Trying to rally disillusioned supporters of four years ago, President Obama pleaded with young voters Tuesday to come back to his side by warning them that rival Mitt Romney "does not think investing in your future is worth it."
As with his argument for seniors on Medicare, the president promoted his re-election bid Tuesday as offering more government benefits — in this case for college-age voters — than the Republicans.
It's a theme that Mr. Obama has been hammering home with key voting blocs ever since Mr. Romney tapped Rep. Paul Ryan of Wisconsin, architect of the House Republican budget, as his running mate.
"Gov. Romney makes his time as an investor in the private sector the basis of his candidacy," Mr. Obama said at a university in Ohio as he sought to counter the Republican's promises to young voters of a better economy. "His economic plan makes one thing clear: He does not think investing in your future is worth it. He doesn't think that's a good investment. I do."
The president characterized Mr. Romney as someone who doesn't care about making college more affordable for middle-class families.
He ridiculed his wealthy opponent for telling an audience in Ohio several months ago that students could pay for college by borrowing money from their parents if necessary.
"Not everybody has parents who have the money to lend," Mr. Obama said. "That may be news to some folks, but it's the truth. What Gov. Romney is offering is not an answer. Putting a college education within reach for working families doesn't seem to be a big priority for my opponent."
The president's visits to college campuses in Ohio and later in Reno, Nev., underscore one of the difficulties confronting his re-election bid. Four years ago, Mr. Obama won the presidency with a big assist from young voters. This time, many of those voters have graduated from college and are unable to find jobs.
Polls show that voters younger than 30 still favor Mr. Obama over Mr. Romney by large margins, but the surveys also find that young voters say they are less likely to vote in November than they were four years ago.
Since Mr. Romney chose Mr. Ryan as his running mate, the Obama campaign has been trying to warn voters about the impact of Mr. Ryan's budget plan on Medicare. Now the Democrats are turning to education, launching radio ads in New Hampshire warning that 21,000 college students in that state would have their Pell Grants cut by $800 each. A similar ad in Ohio tells voters that 356,000 students would have their Pell Grants cut.
Those figures assume that cuts in Mr. Ryan's proposed budget would be applied across the board in 2014, although his budget does not directly address Pell Grants.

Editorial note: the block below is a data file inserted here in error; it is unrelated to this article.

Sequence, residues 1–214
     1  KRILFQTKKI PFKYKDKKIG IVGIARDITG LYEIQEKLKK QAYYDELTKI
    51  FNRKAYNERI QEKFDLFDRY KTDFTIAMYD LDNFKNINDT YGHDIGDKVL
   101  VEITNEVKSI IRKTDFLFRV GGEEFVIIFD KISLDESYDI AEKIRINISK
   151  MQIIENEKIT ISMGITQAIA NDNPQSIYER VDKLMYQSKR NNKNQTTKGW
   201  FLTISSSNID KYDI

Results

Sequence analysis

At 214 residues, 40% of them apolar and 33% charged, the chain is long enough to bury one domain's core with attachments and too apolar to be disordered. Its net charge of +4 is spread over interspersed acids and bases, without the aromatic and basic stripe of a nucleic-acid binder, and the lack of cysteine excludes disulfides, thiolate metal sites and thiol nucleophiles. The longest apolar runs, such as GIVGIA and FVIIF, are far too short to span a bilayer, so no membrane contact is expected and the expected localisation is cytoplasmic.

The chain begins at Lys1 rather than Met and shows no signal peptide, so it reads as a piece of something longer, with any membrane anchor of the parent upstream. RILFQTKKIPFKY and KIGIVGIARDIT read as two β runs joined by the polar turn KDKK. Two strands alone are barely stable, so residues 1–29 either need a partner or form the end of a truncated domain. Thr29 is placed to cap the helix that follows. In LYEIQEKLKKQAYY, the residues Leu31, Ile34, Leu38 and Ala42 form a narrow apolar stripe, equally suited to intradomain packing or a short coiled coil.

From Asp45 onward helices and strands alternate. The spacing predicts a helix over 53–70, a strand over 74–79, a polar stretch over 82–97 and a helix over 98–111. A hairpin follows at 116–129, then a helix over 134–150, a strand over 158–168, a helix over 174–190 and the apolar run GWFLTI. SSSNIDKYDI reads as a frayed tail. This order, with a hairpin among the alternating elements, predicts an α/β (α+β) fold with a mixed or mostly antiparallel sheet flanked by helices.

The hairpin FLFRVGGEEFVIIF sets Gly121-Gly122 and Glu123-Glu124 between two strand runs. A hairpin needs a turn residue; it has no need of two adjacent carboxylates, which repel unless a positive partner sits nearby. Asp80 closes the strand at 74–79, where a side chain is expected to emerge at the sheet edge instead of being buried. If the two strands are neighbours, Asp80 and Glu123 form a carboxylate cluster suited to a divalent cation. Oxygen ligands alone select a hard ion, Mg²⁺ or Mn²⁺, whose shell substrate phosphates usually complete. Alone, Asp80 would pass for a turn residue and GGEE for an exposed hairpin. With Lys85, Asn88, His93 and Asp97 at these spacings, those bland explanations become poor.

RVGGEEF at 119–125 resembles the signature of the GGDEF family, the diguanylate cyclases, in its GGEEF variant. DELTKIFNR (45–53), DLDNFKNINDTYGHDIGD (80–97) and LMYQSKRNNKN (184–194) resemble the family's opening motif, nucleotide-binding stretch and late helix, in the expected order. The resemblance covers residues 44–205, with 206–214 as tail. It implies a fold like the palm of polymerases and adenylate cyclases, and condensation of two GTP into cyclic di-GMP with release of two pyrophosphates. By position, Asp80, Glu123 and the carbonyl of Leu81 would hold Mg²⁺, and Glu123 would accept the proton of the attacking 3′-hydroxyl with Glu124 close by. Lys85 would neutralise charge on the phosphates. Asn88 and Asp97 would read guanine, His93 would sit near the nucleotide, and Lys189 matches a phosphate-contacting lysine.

The Romney campaign said Mr. Obama is trying to distract voters' attention from his own failed education policies.
"Under this president, too many young Americans are suffering from higher college costs, more debt, and a lack of good jobs when they graduate," Romney campaign spokeswoman Amanda Henneberg said in a statement. "Today's policies are just more of the same from a president who hasn't fixed the economy or kept his promises to the young people who supported him four years ago. The Romney-Ryan plan will deliver 12 million new jobs to help recent graduates — and all Americans — enjoy a more prosperous future."
Some analysts say the signs of disillusionment among younger Obama supporters could be especially important in battleground states such as Ohio, North Carolina and Virginia.
Mr. Obama used part of his speech in Ohio to urge young people to register to vote. He also challenged them by saying Republicans were betting that wealthy campaign donors would defeat the power of the youth vote.
"They've got folks writing $10 million checks, $20 million checks," Mr. Obama said. "They should be contributing that to a scholarship fund to send kids to college. Instead, they are going to spend more money than we have ever seen on ads. They're betting on the fact that you get so discouraged that you decide your vote doesn't matter. They're betting every single $10 million check from a wealthy donor drowns out millions of voices at the ballot box. They say, 'Obama's grayer now, he's not as new and as fresh as he was in 2008, so young people aren't going to turn out the same way.' They're counting on you sitting on the sidelines and letting others make the choice for you."
The president told students repeatedly, "I need your help."
The Romney campaign countered with data showing that since Mr. Obama took office, the average cost of in-state tuition at a four-year college has risen 25 percent, from $6,585 to $8,244. Campaign officials defended Mr. Romney's education record as governor of Massachusetts as that of an innovator.
"Mitt Romney's education reform plan — developed by a leader with a record of innovation during his term as governor of Massachusetts — will ensure that every American student has access to a world-class education," Virginia Gov. Bob McDonnell said in a statement. "Unlike President Obama, Mitt Romney will provide the choices students need to enroll in good schools, the information parents need to hold districts accountable, and the jobs graduates need to be successful in the global economy."
© Copyright 2015 The Washington Times, LLC. Click here for reprint permission.